7. Great post. Love the Chuck Norris joke. Have heard tons of them at home.

    I debated the debt vs 401(k) thing myself for about 3 seconds. Since I will now be getting a match, it makes no sense not to take free money. A 100% return on investment can’t be beat.

    PS–Not gonna like you on Facebook until I get a page of my own. Just haven’t gotten around to it yet.

  8. My company does not match- they stopped doing so in 2009, right before I joined the team. It’s not as rewarding to invest, which is a bummer. Keep crossing my fingers that they’ll bring it back next year!

  9. My company matches 25% up to 4% which isn’t huge, but hey, it’s free money. And actually I think it’s a smart way to do matching: you have to contribute 16% to get the maximum match, which works out to 20% of my salary put aside for retirement every year – which is what I think is necessary to save to be reasonably sure of a good retirement. There’s also vesting to take into consideration – it vests gradually over the first several years of employment.

  10. Haha, I don’t understand the benefits of fan pages as opposed to profile pages either. I would love to learn more than “do what people say + a miracle happens = huge following”

  11. My employer matches my RRSP 100% up to 4% of my salary. We are in debt, but I still put that money away every 2 weeks. I tell everyone they’re crazy if they don’t take advantage of the free money the company is giving us!!

  12. Fabulous! Any way you could get every person ages 18-21 to read this? I was so lucky to have my dad basically hold my hand and get all of my retirement options squard away with my first job at age 22…10 years later I am so grateful he did. I vividly remember talking to my peers at work (some my age, some 20 years older) who kept saying, “Oh, I don’t have enough money” or “Oh ya, I’ll totally sign up later”. I wonder how they are doing today.

  13. I’m Australian and we don’t have 401k, Roth IRA etc. But our laws require that all employers contribute a minimum of 9% on top of our salary to a superannuation (retirement) fund. From the very first day you go to work, even if you’re 15 and flipping burgers at mcdonalds you will be receiving payments into your retirement fund without you having to do a single thing. My employer actually provides 10% which is above the minimum, as do many others. On my salary of $63k this means $6300 per year automatically gets put into my fund and I still have my whole salary (less tax) to deal with debt repayments if needed. I’m also eligible to contribute more from my after tax salary and receive government matching up to $1500 per year.

  14. Company matches up to 3%. Not great, not terrible. There is one co-worker who refuses to put anything in his 401(k) because “he doesn’t like our options and can get better returns on his own.” …we’ll see how that turns out.

  15. I work for state government- mandatory 5% of my salary goes to a guaranteed 5% return account with the state matching over 100% of my contribution. I could choose to defer additional money, and it would go to a more traditional retirement account, but there is no matching on those funds so I haven’t done that.

  16. I work at a not-for-profit without 401K so I’ve been doing my own IRA. But, starting in January we will have 401K with company match (percentage still unknown) — excited about that!

  17. Great advice. Unfortunately, of all the many jobs I’ve had in my young career, I’ve never worked for a company that offers a 401k match. I rarely even have a 401k. Last year I had one for the first time ever and I maxed it out, without a match. My jaw always drops in horror when someone tells me they’ve opted to not invest in their company’s 401k plan even though their company would match their investment. That’s just. Plain. Stupid.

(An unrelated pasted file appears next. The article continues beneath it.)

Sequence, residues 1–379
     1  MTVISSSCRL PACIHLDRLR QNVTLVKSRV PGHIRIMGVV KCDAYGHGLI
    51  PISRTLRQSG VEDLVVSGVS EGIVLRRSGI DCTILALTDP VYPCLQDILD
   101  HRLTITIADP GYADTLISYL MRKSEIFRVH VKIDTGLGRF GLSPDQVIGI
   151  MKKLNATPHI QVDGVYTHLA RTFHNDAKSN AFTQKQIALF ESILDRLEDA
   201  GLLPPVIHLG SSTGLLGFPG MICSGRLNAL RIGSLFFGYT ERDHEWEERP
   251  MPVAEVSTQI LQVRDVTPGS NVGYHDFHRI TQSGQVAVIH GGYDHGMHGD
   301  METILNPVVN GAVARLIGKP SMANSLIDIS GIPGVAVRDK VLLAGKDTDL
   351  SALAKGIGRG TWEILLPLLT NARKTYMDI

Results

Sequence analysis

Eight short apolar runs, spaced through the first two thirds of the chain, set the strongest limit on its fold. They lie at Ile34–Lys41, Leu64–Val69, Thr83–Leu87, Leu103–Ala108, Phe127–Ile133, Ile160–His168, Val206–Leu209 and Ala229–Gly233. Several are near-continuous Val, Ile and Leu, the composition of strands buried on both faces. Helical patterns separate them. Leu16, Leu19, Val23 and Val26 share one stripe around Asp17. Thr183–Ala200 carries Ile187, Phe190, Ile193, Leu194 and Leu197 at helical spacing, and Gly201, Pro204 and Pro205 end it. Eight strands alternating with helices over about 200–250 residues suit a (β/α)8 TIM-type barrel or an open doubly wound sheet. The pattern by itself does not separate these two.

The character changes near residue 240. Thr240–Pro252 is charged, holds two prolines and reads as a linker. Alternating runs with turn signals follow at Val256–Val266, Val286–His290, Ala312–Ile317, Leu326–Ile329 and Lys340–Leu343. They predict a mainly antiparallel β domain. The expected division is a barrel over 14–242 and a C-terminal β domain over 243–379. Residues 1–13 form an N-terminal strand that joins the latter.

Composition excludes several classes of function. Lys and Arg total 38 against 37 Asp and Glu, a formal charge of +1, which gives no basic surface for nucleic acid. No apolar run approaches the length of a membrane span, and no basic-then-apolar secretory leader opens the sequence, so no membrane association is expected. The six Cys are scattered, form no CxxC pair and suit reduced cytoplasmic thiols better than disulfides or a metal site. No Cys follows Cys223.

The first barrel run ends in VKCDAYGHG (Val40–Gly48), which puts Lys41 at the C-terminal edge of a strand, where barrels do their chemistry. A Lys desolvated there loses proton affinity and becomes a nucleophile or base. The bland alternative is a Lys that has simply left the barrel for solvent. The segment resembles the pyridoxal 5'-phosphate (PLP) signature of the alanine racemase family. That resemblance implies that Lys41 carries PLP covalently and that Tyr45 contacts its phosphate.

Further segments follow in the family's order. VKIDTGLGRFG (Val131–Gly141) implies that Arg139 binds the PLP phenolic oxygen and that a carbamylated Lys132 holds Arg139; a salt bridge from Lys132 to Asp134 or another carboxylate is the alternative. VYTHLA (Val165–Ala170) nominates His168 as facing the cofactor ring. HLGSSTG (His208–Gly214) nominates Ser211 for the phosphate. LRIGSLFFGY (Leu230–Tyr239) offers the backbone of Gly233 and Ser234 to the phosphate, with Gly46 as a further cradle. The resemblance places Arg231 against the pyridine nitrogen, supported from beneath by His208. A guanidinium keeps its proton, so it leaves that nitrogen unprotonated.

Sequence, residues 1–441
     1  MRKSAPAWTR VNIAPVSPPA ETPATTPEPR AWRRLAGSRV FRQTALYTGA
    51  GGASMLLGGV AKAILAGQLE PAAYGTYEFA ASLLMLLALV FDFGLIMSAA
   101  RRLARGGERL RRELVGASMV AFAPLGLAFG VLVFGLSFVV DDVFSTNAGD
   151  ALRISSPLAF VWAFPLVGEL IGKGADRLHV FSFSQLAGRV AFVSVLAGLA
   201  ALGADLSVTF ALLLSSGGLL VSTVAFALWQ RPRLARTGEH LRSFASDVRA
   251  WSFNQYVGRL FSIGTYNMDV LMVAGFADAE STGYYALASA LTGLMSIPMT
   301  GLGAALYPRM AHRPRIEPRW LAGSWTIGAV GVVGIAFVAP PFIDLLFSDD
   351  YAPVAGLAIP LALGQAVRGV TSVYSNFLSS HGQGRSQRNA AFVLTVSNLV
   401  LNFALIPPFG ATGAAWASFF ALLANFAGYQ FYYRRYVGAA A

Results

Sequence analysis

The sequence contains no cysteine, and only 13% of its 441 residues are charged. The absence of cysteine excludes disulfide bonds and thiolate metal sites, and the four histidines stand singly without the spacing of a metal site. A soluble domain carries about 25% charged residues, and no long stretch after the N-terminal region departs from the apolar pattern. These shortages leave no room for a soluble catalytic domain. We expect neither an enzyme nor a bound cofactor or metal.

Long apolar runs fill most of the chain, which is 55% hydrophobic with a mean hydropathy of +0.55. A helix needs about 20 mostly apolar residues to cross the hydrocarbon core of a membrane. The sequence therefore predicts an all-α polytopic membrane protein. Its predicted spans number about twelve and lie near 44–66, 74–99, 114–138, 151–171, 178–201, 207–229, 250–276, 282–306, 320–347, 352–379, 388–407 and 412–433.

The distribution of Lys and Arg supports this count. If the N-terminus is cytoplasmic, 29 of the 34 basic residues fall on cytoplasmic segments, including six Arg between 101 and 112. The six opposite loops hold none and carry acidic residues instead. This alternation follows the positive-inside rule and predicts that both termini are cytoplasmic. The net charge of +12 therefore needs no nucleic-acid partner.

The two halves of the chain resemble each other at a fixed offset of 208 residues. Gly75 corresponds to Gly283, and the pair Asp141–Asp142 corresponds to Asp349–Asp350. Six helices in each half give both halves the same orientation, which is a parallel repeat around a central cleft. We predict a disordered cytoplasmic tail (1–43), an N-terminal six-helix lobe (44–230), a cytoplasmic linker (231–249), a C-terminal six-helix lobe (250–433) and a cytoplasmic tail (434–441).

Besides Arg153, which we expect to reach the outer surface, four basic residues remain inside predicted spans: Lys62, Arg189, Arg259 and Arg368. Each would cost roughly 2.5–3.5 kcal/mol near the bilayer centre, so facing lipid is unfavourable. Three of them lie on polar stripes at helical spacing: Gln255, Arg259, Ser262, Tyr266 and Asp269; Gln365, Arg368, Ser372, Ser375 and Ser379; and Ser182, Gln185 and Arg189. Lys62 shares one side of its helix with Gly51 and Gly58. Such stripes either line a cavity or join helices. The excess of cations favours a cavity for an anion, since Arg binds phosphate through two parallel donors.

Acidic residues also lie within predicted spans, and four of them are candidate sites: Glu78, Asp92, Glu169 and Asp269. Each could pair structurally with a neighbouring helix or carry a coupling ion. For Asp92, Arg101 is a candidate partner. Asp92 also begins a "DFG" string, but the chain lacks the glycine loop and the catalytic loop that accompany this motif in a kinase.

18. I get a 6% match plus another 4% of my salary (regardless of match) contributed by my employer if they meet their financial goals (which I have heard they always do).

  19. No 401K here in Canada. I do love the original point of financial priorities though. We all have a list of things that we say we want. The reality is that our spending proves otherwise.

    The more I read your blog the more I love it!

  20. I guess I’m the only one who lost money investing in a retirement account. Hence, I hate when I see those “doable 6%” rate of return numbers put up. I was a sucker for it. Better make those mutual fund, stocks, and bonds recommendations specific with that 6% rate of return. Otherwise you would be doing your readers a desservice.

      • How about looking at historical averages of the S&P 500. The average there alone is 10%. Six percent is reasonable. You lost your money because you pulled it out of the market. Investing shouldn’t be emotional, you let it be. It’s as simple as that.

        You find me an investment vehicle that has outperformed the market over a 20+ timeframe and then we can chat, but the FACT is nothing (cash, real estate, etc) comes close to the gains of the market. Nothing.

        • Dollar cost averaging and rebalancing the risk/reward portfolio according to age should be mentioned at least? There are many who still don’t know about those crucial elements for investing for retirement. Also, be careful of your faith in the market.

  21. My employer matches 5%, but debt leaves me with a feel all sticky and gross. I sleep better knowing i’m kicking my debt’s ass.

  22. I think it also depends on how much your family needs to live on. After taxes and health insurance my husb brings home about 2800$ a month for our family of 5 to live on. 2 of my kids are disabled. Our mortgage is 1400$, which is the same as the rent we paid before buying our home. Our grocery budget is $550 a month for 5 people, 2 with special dietary needs. Other than the mort, we only have school loan debt, and live a very frugal life. But if we took advantage of my husband’s work matching program, we wouldn’t have enough money to make it every month.

    You have to live first, and you are very fortunate to have a govt job, reasonably secure.

  23. Self-employed, so no matching. I contribute 15-20% each month to retirement accounts, though (flat amount each month, so the % varies based on how much I bring in that month). Also have about $30k from previous employment with matching.

  24. I use my retirement account to invest in gold a few years a go when gold was between $272 by the year 2000. right now gold is around the $1600 i pretty much have a back up plan when the bad economy truly hits us.